Paul McGrath

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Paul McGrath advises clients across a broad range of industry sectors in all areas of contentious and non-contentious UK employment law. His practice covers all aspects of UK employment legislation and day-to-day employment matters, including appointments and terminations, employment status and worker classification issues, employee handbooks and policies, employee data privacy, disciplinary and grievance issues, and restructuring and redundancy exercises. Read Paul McGrath's full bio.

Latest Articles

Enforceable in all EU member states on 25 May 2018, the General Data Privacy Regulation will require action by organisations both inside and outside the European Union to ensure compliance with this far-reaching privacy legal framework. Compliance is even more urgent given that the GDPR provides for large penalties in cases of infringement. As some entities are not yet aware of the extent to which GDPR may be applicable to them, the GDPR expressly applies…
Whilst 2017 was anticipated to be a fairly static year for UK employment law, that did not in fact prove to be the case, and there were various notable developments. To a large degree, 2018 is likely to be defined by the ongoing Brexit negotiations and the passage of the EU Withdrawal Bill, which will, amongst other things, lay the framework for the future movement of EU workers to the United Kingdom. Employers should, however,…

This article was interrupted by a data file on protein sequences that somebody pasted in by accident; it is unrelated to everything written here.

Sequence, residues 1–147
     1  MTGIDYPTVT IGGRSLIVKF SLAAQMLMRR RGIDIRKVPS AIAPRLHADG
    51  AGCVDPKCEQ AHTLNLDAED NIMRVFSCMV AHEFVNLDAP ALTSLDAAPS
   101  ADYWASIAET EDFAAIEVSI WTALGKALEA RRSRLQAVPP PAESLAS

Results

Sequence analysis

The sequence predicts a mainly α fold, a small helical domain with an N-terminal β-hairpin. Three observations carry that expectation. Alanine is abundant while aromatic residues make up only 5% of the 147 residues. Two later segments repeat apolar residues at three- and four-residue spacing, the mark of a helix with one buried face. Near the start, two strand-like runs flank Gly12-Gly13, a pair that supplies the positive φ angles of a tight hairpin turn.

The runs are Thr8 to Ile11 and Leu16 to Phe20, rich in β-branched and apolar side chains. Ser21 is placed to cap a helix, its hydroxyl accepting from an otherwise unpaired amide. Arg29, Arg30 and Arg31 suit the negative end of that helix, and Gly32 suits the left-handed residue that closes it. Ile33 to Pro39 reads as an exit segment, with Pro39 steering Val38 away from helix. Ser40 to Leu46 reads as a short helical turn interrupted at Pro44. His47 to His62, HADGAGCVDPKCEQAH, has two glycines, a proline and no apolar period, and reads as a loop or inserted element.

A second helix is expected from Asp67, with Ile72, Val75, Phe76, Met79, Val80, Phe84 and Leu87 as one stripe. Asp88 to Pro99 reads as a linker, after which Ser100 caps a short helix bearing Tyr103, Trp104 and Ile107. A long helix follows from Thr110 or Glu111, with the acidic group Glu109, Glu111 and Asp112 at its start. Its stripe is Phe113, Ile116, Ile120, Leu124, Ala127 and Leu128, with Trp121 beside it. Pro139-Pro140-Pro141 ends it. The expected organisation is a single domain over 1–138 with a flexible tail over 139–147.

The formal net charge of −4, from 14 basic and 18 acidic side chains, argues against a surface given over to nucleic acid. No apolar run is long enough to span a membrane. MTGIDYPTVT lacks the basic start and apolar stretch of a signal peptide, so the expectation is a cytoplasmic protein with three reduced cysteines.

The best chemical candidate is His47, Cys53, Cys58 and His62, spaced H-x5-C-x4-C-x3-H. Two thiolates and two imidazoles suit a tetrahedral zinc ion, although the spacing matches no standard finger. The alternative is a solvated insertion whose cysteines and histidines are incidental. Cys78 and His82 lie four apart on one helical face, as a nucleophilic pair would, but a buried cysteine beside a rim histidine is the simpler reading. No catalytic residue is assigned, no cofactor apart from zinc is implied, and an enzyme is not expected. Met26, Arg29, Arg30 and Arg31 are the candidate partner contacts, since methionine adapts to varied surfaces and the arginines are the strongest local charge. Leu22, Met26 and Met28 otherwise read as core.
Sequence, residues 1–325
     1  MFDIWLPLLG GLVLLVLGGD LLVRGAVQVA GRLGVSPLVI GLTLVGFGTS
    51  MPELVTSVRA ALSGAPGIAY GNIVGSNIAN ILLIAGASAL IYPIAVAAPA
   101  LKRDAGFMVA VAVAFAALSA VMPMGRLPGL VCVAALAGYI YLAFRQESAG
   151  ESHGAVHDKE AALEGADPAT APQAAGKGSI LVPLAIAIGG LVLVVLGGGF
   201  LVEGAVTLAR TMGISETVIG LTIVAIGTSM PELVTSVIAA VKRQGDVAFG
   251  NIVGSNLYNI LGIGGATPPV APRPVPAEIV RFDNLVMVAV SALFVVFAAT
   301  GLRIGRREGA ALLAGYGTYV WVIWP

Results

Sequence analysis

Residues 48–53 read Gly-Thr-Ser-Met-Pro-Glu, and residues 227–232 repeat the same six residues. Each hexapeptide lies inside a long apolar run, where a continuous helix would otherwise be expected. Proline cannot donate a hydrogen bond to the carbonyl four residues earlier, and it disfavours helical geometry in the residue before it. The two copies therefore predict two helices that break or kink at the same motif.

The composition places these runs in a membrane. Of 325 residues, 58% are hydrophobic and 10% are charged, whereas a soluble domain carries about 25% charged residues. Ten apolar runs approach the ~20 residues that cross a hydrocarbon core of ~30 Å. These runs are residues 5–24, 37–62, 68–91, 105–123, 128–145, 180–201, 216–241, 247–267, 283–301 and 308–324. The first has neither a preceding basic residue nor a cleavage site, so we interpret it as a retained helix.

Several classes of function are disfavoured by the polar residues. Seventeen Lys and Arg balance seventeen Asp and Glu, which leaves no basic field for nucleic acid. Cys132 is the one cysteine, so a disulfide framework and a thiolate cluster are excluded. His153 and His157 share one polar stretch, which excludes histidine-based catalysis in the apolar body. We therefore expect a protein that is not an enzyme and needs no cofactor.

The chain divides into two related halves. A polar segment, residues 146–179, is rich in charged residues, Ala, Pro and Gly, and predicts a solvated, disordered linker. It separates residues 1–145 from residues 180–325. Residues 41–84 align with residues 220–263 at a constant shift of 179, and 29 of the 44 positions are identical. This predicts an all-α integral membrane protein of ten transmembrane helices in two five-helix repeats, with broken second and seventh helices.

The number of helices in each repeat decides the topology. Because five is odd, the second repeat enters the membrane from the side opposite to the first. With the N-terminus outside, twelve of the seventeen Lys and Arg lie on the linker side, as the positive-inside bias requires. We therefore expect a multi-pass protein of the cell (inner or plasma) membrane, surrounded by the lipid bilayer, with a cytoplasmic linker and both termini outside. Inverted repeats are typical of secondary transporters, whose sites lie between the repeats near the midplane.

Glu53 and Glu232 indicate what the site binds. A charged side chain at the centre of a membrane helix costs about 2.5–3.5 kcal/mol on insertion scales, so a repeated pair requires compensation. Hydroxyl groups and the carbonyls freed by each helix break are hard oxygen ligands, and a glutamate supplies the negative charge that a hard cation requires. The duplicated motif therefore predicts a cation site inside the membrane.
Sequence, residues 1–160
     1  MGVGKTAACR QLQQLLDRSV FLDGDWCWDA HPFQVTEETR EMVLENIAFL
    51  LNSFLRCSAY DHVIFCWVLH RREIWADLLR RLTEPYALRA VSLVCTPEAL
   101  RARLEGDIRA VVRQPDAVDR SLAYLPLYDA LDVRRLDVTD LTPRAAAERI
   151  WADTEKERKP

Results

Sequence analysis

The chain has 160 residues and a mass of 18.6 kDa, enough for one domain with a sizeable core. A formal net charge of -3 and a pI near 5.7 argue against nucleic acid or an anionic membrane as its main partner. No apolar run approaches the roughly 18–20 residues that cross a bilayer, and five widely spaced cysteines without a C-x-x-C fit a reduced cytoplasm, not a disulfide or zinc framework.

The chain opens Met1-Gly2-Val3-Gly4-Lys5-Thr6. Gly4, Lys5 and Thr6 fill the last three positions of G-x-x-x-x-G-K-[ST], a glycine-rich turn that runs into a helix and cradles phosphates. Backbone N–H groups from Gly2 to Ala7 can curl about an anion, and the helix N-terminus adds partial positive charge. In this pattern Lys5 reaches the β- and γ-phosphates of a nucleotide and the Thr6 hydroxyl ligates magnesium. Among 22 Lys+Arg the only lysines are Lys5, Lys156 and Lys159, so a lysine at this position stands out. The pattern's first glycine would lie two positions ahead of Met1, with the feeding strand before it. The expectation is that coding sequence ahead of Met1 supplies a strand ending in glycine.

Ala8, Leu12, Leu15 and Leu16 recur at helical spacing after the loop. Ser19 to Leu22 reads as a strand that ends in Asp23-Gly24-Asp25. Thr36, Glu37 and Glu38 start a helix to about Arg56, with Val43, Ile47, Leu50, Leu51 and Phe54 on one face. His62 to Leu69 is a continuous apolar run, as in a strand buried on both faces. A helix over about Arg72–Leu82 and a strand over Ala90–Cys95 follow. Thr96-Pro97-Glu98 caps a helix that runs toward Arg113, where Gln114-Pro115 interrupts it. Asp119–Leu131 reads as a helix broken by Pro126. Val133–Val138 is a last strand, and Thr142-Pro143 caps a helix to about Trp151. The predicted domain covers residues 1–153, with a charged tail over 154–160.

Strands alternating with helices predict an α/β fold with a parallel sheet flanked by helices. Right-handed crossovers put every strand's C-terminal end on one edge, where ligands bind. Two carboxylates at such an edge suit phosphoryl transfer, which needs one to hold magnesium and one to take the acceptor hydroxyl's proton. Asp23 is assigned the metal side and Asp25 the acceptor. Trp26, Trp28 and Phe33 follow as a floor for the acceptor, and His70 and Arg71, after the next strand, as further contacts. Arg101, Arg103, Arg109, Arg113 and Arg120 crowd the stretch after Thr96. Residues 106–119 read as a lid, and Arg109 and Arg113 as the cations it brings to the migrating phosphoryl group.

The UK Employment Appeal Tribunal has upheld the Employment Tribunal’s finding that Uber drivers are “workers”. It rejected Uber’s argument that Uber is simply a technology platform acting as an agent to connect self-employed Uber drivers with users of the ride-hailing app. What Is the Issue? The United Kingdom recognises three categories of employment status: employees, workers and self-employed contractors, each with varying levels of protection under employment law. Employees and workers are afforded greater…
McDermott’s “Key Employment Law Events in 2017 and Beyond” update highlighted the upcoming regulations requiring certain employers to report on the gender pay gap in their workforce (Equality Act 2010 (Gender Pay Gap Information) Regulations 2017) (the Regulations). Under these Regulations, from April 2017, large private and voluntary sector UK employers will be required annually to calculate and publish a range of gender pay information regarding their workforce. Read full article.
Current indications are that 2017 may be a fairly static year as regards to employment law. Whilst it is anticipated the government will trigger Article 50 to start Brexit negotiations, these are likely to last for at least two years, and existing employment laws are unlikely to feel any ripple effect from leaving the European Union for some time. In the meantime, the Prime Minister has asked for a review, expected to take around six…
As you may have seen from the extensive press coverage, the UK Employment Tribunal has delivered its much anticipated judgment in Aslam and Farrar v Uber. The case was about whether Uber drivers are self-employed contractors, or are “workers” with rights to minimum wage, statutory holidays, sick pay and breaks, amongst other workers’ rights. Read the full article.
Don’t panic. The United Kingdom will continue to be an EU Member State until procedures are completed for exiting the European Union, which is likely to be at least two years. Until a withdrawal agreement is reached, EU laws and treaties will still apply, including the right for EU nationals to work in the United Kingdom. This means that all current EU-derived employment laws should remain in place for at least two years. Read the